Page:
There are plenty of reasons why a condominium, co-op or homeowners’ association might see fit to spruce up its common areas. Dated décor, seasonal inspiration, excess cash on-hand, or just sheer boredom with the current look all come to mind. But regardless of reason, a board has a fiduciary duty to its owners and shareholders first and foremost; it must act in the best interest of the association, and make decisions that will protect the investments of all involved. Because of this, redecorating shouldn’t be done on a whim. It must be carefully considered and undertaken in a frugal way that maintains (or better yet, improves) property value without draining the association’s coffers.
Analyzing a remodel or redecoration from a cost/benefit perspective can seem complicated. But there are several core considerations that an association can rely on in order to assess whether it’s the right time to make an aesthetic change.
It is an accepted truism in real estate that curb appeal can have a strong influence on potential buyers before even stepping into the unit they came to see. They may even fall so in love with the place that they make a mental commitment to it based on that first impression alone. To this end, ensuring that common areas catch visitors’ eyes and linger in their minds can prove a legitimate boon to sales.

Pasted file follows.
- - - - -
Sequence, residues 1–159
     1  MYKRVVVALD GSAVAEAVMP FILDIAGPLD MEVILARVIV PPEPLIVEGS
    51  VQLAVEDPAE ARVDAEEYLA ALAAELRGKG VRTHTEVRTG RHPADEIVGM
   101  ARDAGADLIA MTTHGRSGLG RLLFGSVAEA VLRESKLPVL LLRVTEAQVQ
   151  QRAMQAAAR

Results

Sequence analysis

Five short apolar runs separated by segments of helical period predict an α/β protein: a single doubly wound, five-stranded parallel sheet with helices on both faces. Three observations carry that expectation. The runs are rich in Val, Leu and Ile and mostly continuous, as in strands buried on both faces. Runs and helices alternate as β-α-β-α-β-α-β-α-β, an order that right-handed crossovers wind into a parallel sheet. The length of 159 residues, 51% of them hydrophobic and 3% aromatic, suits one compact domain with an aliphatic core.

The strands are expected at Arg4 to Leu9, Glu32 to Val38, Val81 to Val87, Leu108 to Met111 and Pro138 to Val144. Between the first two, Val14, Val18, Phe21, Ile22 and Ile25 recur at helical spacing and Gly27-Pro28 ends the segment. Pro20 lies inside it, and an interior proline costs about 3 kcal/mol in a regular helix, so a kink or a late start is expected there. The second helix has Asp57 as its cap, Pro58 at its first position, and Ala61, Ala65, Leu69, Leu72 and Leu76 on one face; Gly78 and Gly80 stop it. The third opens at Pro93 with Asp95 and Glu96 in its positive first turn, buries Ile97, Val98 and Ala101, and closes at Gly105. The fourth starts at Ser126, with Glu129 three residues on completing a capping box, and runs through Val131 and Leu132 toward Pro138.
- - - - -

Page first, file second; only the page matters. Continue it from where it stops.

“Curb appeal is a huge factor when selling any real estate,” confirms James Cervelli, a principal with Cervelli Real Estate & Property Management in North Bergen. “The lobby and other common areas are the first things that a prospective buyer will see when checking out a building. They may well make a decision about their interest in the property without having even looked at an available unit.”
John Holzinger, Jr., President of Barhite & Holzinger, Inc., a real estate and insurance brokerage in Westchester County, New York, recommends that an association go no longer than 15 years without overhauling its interior design scheme. “After 15 years, it’s time!” he says. “Curb appeal as reflected by common areas is very important – especially when the market is soft, but generally speaking as well. If there isn’t granite on the countertops, it’s time. If you’ve got wood-style cabinets, like cherry or oak, those are too dated.”